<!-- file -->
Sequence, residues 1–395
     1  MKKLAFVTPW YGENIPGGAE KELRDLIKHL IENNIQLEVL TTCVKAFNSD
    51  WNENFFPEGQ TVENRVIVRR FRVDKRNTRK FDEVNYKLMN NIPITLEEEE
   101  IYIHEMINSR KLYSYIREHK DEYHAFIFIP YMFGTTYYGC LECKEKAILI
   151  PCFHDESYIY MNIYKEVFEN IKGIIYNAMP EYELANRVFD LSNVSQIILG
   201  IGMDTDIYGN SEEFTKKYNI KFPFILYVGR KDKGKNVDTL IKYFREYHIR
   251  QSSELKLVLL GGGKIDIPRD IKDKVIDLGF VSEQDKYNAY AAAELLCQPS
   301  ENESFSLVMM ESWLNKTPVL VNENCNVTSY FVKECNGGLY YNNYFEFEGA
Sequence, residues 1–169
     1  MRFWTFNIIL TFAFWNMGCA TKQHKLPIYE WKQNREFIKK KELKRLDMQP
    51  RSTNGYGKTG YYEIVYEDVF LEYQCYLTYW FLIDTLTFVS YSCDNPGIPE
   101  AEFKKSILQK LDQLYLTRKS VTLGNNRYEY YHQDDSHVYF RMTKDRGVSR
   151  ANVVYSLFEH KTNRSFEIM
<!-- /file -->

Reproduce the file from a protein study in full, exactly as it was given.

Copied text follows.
Sequence, residues 1–395
     1  MKKLAFVTPW YGENIPGGAE KELRDLIKHL IENNIQLEVL TTCVKAFNSD
    51  WNENFFPEGQ TVENRVIVRR FRVDKRNTRK FDEVNYKLMN NIPITLEEEE
   101  IYIHEMINSR KLYSYIREHK DEYHAFIFIP YMFGTTYYGC LECKEKAILI
   151  PCFHDESYIY MNIYKEVFEN IKGIIYNAMP EYELANRVFD LSNVSQIILG
   201  IGMDTDIYGN SEEFTKKYNI KFPFILYVGR KDKGKNVDTL IKYFREYHIR
   251  QSSELKLVLL GGGKIDIPRD IKDKVIDLGF VSEQDKYNAY AAAELLCQPS
   301  ENESFSLVMM ESWLNKTPVL VNENCNVTSY FVKECNGGLY YNNYFEFEGA
Sequence, residues 1–169
     1  MRFWTFNIIL TFAFWNMGCA TKQHKLPIYE WKQNREFIKK KELKRLDMQP
    51  RSTNGYGKTG YYEIVYEDVF LEYQCYLTYW FLIDTLTFVS YSCDNPGIPE
   101  AEFKKSILQK LDQLYLTRKS VTLGNNRYEY YHQDDSHVYF RMTKDRGVSR
   151  ANVVYSLFEH KTNRSFEIM